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Now that another month is coming to the end I'd like to propose some future suggestions. I have three books I can recommend, each of which is a little unusual but I assure you a great read and they aren't too long (unlike American Gods which is as thick as they come). The books are:
White Tiger by Aravind Adiga - Set in India this is the story of Balram who recounts how he became an entrepreneur. This book is nothing about business and all about his time as a driver for a very rich Indian family. I loved the book as the character of Balram is totally fascinating, it told me fascinating things about Indian society and the story totally grips you.
The Alchemist by Paulo Coelho - Tells the story of Santiago, a shepherd in Spain who goes on a journey looking to find his destiny. Meets interesting people along the way and the book is full of great advice about discovering who you are and your path in life
The Jetstream of Success by Julian Pencilliah - Unusual book; half memoir / half self-help book in which the author uses moments from his own life to illustrate how to look at life differently. Full of great advice on how to make the most of who you are.
I'll pass on the third, the first . . . maybe, but it's a long shot. Probably not.
By way of nonfiction, I'd nominate two history books: We All Got History and A Midwife's Tale. Both are similar, in that each looks to uncover a lot of history from the writings of one member of a marginalized community. In the case of We All Got History, the source text is a 50-year weather journal kept by a free black man in the American North from the mid 1850s to the early 1900s. The latter draws from the diary of a midwife in the immediately post-revolutionary US. I've read the former and was quite impressed both by the writing and by the scholarship, and the latter comes highly recommended on both counts as well.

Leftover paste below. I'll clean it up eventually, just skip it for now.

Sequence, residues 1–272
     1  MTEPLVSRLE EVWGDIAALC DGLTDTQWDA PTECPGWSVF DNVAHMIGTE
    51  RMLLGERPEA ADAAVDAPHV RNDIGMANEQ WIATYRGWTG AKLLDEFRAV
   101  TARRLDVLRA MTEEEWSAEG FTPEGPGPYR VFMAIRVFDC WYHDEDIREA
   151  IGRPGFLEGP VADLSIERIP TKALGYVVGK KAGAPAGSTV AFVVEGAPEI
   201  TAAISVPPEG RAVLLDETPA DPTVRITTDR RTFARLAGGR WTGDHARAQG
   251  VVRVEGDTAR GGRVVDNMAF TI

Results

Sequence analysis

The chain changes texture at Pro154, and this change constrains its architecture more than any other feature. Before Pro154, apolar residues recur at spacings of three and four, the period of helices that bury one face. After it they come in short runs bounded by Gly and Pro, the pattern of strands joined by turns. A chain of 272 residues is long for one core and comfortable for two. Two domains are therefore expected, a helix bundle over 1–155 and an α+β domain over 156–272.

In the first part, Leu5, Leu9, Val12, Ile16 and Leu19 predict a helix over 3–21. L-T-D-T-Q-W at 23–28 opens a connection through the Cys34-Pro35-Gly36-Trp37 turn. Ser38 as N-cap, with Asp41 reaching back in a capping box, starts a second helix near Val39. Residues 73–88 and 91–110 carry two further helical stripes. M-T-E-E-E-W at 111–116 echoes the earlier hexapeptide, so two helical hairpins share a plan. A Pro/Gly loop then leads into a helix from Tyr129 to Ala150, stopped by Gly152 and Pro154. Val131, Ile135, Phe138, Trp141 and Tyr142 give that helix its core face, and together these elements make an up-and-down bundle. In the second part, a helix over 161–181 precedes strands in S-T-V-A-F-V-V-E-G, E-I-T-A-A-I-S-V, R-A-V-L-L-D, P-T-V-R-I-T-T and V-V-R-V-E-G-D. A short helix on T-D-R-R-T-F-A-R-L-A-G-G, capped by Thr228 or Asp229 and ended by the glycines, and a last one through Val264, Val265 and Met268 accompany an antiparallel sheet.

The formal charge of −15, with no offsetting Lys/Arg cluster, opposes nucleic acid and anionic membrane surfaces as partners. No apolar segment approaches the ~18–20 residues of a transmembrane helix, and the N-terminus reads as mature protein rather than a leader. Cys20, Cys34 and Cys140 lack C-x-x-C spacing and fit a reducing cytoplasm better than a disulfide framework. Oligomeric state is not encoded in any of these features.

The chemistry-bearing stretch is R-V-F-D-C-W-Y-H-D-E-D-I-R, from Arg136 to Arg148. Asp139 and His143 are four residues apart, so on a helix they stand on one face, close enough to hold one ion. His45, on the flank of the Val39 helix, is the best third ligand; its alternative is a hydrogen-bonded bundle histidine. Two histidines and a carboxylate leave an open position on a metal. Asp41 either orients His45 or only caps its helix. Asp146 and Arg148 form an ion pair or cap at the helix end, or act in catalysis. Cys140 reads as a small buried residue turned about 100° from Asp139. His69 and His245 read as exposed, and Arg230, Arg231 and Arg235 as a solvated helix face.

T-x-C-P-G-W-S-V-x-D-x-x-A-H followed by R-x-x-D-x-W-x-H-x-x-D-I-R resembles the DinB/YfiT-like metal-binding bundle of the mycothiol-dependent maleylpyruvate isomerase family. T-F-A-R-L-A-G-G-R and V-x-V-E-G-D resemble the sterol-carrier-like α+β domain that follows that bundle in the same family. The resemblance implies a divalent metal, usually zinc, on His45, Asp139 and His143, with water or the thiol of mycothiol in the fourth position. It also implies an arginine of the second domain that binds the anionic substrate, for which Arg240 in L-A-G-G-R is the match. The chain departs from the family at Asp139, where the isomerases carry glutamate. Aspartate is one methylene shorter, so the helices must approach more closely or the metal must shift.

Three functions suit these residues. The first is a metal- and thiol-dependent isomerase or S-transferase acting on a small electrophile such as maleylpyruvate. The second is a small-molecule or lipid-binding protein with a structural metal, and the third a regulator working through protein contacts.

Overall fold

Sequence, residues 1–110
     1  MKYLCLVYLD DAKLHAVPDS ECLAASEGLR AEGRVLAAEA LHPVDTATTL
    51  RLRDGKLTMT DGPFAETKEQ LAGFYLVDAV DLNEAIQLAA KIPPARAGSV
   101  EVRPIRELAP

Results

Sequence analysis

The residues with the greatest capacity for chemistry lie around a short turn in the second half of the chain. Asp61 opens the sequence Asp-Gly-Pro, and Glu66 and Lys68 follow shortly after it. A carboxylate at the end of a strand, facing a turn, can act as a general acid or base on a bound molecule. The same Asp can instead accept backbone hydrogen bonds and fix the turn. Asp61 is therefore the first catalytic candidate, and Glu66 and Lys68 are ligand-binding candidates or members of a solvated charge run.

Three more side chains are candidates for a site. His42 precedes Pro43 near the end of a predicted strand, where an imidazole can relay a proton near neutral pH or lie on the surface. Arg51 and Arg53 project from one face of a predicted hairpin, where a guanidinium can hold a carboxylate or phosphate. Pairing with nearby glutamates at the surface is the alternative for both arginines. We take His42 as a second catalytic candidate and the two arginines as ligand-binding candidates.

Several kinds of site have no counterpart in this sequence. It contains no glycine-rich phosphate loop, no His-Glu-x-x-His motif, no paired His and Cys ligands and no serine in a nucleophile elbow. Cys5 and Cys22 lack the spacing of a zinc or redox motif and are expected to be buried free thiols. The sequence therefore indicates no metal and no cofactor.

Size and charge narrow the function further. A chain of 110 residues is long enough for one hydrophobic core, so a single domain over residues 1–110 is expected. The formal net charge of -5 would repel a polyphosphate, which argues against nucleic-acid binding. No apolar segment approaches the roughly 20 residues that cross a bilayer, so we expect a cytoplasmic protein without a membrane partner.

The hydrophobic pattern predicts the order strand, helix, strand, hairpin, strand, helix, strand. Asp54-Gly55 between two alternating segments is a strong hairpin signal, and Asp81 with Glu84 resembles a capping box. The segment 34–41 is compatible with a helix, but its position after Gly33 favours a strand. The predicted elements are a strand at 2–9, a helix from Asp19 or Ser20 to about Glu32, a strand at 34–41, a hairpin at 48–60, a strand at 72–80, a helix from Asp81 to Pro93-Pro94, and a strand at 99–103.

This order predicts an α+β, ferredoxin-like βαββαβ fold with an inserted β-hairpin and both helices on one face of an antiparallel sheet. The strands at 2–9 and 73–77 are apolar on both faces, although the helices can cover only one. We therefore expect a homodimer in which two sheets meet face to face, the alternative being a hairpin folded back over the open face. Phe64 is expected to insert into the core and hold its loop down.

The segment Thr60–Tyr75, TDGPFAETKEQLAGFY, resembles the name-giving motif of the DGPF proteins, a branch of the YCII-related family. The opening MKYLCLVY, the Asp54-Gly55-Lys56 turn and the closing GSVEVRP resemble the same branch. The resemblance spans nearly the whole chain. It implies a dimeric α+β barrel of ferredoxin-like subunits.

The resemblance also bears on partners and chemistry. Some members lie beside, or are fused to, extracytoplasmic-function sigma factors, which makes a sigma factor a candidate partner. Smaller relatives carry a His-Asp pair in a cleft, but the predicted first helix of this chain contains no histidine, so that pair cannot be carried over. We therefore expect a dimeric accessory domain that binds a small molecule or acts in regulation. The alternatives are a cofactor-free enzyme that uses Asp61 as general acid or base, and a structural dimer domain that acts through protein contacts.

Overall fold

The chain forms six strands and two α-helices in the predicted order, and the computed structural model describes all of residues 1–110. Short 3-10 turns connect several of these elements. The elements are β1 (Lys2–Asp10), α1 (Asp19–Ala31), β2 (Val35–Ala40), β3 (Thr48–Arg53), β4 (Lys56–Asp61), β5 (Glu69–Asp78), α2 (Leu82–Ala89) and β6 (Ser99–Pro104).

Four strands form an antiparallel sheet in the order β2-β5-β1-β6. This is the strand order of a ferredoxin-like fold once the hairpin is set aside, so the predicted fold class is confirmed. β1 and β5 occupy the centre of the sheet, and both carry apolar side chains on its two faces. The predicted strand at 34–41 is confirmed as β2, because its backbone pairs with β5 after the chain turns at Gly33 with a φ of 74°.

A classic like David Copperfield has options for those who don't want to read 350,000 words:
- Classics Illustrated, 48 pages
- Barron's Graphic Classics, 48 pages
- Graphics Dickens, 64 pages
- SparkNotes, 64 pages
- Cliffs Notes, 80 pages
- Monarch Notes, 92 pages
Or just rent a video! 😀
ETA: Larger emoticon!
My current pet peeve about unfaithfulness of video to text is the BBC's "Father Brown". What a pity.
I would definitely go for a public domain classic. I would like to read more 19th c. fiction, plus I can read it on line. Henry James? Edith Wharton?
If we were to go the short story route, I'd recommend Vonnegut's Welcome to the Monkey House, which I just read, and was blown away by...far more than I expected based on his longer fictions I'd read! For autobiography, I'd recommend I Know Why the Caged Bird Sings--I feel like a lot of folks talk about reading that one, but never get around to it, as I didn't for years and years. Novel-wise, I'd probably recommend something by Amanda Eyre Ward or Gloria Naylor...lots to talk about, but not long or difficult reads.
>24 dave94703:, I agree that the film takes on Dick works can be more fascinating than the texts, at least for re-readers/re-viewers!
Maybe Jack Cady's Inagehi? https://www.kirkusreviews.com/book-reviews/jack-cady/inagehi/